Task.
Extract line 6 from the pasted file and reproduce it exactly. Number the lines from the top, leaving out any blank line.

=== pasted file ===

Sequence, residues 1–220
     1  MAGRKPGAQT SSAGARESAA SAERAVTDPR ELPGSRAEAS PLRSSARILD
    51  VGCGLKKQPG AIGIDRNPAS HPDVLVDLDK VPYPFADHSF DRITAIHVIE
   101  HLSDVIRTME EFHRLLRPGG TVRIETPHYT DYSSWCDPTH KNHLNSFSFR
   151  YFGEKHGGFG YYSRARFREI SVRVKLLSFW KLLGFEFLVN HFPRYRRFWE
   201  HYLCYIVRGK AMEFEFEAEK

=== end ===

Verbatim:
   201  HYLCYIVRGK AMEFEFEAEK